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How to enjoy wild food foraging

Written by Fiona

September 06 2017

Collecting edible foods from woodland and forests is an age-old tradition in the UK – and in modern times it is making a comeback. Growing number of people are enjoying the benefits of gathering from nature.

But if you’ve never gone foraging before, the whole process can be intimidating. If the strange names don’t put you off, such as Danish scurvy grass, hogweed, hairy bittercress, the prospect of picking something poisonous might.

That is why it is important to learn a few basic tips – and then you can make the most of our country’s natural larder.

There a plenty of places, such as local woodlands, where you can forage wild foods.

Tips for wild food foraging

Get advice and start local

One of the fantastic aspects of foraging is in getting to know the ins and outs of your local woodland area including what kind of plants and species grow here. But trying to get started on your own can be confusing. Many plants look extremely similar to the untrained eye and even with a helpful guidebook it’s easy to make mistakes.

Look on-line for local wild food foraging experts and guides. For example, experience day provider Into The Blue offers a range of foraging experiences in which skilled guides will take you through the woodland, introducing you to the basic concepts of foraging and the kinds of edibles that you can pick in the area.

Some areas have local foraging groups so you can learn from the experience of others.

Forage for mushrooms with care.

Foraging is seasonal

It’s important to note that, just like crops, foraging edibles are seasonal. So that means you need to start to learn what is going to be around in each season.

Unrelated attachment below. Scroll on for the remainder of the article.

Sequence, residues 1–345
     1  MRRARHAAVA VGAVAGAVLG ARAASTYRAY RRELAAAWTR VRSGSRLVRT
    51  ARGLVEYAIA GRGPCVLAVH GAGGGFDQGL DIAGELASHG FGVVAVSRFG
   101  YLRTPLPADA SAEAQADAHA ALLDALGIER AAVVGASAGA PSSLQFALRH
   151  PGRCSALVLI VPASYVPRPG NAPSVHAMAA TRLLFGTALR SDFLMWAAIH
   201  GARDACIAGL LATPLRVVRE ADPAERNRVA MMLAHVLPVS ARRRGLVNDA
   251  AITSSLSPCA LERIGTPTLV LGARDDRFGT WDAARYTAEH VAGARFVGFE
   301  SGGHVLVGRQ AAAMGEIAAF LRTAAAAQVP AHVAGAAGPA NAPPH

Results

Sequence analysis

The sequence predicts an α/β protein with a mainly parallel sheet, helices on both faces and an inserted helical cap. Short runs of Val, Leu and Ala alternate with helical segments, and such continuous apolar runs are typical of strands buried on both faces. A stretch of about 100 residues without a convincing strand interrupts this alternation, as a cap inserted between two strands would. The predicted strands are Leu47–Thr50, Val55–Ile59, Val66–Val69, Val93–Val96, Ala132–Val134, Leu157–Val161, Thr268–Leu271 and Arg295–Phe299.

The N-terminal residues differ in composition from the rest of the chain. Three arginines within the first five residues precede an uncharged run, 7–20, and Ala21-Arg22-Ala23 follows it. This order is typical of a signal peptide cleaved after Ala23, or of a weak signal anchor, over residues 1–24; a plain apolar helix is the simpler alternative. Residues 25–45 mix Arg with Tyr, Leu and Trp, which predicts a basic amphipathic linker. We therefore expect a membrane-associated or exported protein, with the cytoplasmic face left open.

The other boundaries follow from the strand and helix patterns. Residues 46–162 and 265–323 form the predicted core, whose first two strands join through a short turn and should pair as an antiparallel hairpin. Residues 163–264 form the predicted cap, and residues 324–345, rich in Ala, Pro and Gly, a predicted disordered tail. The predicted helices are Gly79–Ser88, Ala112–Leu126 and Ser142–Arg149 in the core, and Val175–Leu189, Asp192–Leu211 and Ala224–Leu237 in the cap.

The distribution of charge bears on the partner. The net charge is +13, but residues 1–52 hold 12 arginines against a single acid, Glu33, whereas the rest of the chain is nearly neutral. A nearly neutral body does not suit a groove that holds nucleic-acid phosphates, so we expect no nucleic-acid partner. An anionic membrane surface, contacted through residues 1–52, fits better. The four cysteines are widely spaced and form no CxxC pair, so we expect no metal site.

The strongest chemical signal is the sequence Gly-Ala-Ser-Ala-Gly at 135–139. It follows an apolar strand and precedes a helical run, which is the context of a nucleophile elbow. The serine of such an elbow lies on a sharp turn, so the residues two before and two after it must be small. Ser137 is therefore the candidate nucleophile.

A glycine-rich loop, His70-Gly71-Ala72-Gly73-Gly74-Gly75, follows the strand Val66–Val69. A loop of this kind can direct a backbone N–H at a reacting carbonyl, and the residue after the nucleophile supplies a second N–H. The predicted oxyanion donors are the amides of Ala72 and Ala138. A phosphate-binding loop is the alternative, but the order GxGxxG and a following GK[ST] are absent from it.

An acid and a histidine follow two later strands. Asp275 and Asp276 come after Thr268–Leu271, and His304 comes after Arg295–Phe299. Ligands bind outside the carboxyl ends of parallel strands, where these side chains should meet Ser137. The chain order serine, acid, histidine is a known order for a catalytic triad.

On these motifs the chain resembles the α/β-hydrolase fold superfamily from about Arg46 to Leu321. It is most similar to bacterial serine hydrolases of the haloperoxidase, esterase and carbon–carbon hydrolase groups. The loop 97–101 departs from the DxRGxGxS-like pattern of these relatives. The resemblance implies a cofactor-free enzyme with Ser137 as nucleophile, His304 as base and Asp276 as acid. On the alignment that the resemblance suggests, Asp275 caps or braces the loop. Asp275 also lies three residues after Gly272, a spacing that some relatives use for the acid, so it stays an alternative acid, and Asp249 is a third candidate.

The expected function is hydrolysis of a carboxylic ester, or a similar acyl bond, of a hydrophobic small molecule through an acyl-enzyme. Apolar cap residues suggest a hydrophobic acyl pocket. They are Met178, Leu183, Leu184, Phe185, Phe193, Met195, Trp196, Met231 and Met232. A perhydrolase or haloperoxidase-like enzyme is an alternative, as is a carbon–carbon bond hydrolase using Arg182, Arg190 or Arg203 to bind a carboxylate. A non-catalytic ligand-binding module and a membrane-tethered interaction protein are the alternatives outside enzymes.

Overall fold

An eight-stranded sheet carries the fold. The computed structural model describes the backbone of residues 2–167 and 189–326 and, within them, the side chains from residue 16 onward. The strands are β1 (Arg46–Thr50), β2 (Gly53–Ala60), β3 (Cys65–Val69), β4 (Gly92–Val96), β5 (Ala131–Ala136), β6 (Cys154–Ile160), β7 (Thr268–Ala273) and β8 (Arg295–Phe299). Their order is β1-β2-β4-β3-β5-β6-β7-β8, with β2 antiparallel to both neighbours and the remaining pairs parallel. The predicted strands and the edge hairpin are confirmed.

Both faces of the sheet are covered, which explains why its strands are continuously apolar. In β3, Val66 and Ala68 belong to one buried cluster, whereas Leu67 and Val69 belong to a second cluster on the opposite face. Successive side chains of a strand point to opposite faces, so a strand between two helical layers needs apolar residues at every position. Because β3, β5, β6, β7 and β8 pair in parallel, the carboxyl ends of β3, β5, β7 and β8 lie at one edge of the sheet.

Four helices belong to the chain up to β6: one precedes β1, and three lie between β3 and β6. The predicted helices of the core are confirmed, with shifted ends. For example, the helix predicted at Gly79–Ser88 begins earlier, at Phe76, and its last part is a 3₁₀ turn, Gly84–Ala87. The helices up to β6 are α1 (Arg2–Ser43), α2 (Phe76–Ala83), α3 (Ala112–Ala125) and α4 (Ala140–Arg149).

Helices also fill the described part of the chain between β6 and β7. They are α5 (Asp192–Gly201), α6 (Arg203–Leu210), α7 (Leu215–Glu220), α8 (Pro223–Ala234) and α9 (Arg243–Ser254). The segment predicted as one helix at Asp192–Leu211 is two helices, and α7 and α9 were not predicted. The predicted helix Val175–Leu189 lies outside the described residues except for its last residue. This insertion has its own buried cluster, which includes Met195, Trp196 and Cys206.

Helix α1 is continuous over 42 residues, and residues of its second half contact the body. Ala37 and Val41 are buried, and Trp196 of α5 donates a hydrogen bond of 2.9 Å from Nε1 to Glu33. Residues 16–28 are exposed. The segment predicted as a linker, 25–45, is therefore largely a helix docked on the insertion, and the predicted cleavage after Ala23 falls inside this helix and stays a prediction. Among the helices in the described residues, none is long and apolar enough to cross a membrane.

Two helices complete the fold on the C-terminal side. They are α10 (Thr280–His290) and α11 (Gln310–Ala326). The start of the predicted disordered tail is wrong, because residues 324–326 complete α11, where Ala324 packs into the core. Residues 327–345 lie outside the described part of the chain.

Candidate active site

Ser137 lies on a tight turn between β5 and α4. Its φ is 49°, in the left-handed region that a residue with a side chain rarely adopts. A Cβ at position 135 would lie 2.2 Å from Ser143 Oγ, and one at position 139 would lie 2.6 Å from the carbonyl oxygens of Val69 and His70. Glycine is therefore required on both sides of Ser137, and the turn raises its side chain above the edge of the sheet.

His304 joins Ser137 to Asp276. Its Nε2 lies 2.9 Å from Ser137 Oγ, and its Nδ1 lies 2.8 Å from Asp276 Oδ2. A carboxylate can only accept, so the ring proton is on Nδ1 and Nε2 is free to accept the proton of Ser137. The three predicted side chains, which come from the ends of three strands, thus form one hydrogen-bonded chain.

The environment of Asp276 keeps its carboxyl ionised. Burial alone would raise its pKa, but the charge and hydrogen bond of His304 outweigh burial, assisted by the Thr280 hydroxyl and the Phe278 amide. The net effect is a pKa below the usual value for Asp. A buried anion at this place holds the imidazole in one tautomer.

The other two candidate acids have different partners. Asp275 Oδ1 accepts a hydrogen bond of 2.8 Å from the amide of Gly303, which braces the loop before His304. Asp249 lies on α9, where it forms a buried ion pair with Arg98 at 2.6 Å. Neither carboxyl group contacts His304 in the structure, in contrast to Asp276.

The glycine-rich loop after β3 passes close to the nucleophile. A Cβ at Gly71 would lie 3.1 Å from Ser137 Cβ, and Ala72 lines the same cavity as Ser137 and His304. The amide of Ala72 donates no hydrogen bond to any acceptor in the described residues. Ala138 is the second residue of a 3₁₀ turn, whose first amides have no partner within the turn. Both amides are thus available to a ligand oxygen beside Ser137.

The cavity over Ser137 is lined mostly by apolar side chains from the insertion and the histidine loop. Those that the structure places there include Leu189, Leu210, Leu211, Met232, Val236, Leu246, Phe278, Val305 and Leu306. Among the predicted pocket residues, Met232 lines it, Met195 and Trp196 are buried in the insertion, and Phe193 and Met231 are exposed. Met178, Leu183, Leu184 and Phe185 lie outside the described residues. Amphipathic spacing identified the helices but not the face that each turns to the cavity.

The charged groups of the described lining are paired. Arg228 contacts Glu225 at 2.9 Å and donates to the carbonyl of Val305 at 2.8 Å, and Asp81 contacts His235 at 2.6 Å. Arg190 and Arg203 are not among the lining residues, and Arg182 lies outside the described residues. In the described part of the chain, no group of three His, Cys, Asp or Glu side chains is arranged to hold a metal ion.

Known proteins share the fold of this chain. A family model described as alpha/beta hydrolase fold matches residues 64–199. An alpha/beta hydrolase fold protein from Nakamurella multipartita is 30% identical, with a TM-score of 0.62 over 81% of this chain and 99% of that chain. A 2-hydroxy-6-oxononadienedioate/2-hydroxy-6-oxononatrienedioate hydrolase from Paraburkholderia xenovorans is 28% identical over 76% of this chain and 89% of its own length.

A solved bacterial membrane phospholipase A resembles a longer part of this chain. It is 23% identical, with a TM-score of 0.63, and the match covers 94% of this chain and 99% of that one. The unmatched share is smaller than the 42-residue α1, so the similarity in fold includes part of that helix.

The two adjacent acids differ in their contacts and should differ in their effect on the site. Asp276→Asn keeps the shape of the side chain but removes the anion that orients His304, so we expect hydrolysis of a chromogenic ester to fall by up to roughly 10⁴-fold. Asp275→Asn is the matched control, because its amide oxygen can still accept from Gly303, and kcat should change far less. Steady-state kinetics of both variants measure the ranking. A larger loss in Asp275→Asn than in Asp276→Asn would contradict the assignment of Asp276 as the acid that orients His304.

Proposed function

In spring, you can find excellent quality oyster mushrooms and morels, while the summer is the time to pick fairy ring mushrooms and St George’s mushroom. It’s even possible to forage in winter, the chanterelle mushroom can withstand the cold temperature and is fantastic this time of year.

Delicious blueberries.

Identify wild food properly

Foraging for food comes with its risks, especially for the beginner. While this might seem like a fairly relaxed and stress-free activity, it’s worth remembering that many mushrooms and leaves commonly found in British woodlands are poisonous and some are fatal.

After a course in wild food foraging you need to get a high quality identification guide and study it very thoroughly. Many plants look extremely similar and there may be only one or two distinguishing features.

If in any doubt leave it alone and move on to something else. And, naturally, you should also be careful eating something for the first time, as some foods that are listed as edible can cause allergic reactions or upset stomachs in people.

Sloes can be hard to find and many people keep their finds secret.

Learn how to forage sustainably

A brilliant element of foraging your food is the feeling of being close to nature and making the most of the natural world around you. But to do so you need to ensure that you are foraging sustainably.

Never take any more than you need and ensure that when you forage, you do so without damaging the root. If foraging continues gaining popularity, it’s more important than ever to ensure that everyone is doing so sustainably.

Kelp found on the beach.

Some of the best foods to forage

  • Berries – berries are a great starter for anyone foraging. They are abundant and come in an enormous variety, from blackberries and raspberries to sloes and mulberries. They usually come into season late in the summer.
  • Mushrooms – mushrooms are one of the most famous forms of foraged food. With different varieties coming into season throughout the year you will certainly be able to find something easily. Just make sure you identify wisely because there are at least 10 fatal species of wild mushroom growing in the UK.
  • Hawthorn – hawthorn is extremely versatile. The berries can be turned into jam or added to a fruit loaf, the leaves can be used in salads or as tea, and you can even try roasting the seeds for an interesting coffee substitute.
  • Nettles – famous for their unpleasant sting, nettles can be boiled to be made edible. Once this has been achieved they are a fantastic choice. They are high in minerals and vitamins and can be used to make soups and teas.
  • Seaweed – simple to prepare and highly delicious, seaweed is abundant on UK shorelines. It is also highly versatile because you can boil or steam it, and cook into soups, stews, risottos and more.
Written by Fiona September 06 2017 Please support this website Buy me a glass of wine

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